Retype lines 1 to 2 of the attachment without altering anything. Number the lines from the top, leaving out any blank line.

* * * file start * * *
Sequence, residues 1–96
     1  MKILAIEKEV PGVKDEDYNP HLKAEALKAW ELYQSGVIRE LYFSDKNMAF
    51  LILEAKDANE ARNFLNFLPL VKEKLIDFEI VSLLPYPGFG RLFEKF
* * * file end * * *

Sequence, residues 1–96
     1  MKILAIEKEV PGVKDEDYNP HLKAEALKAW ELYQSGVIRE LYFSDKNMAF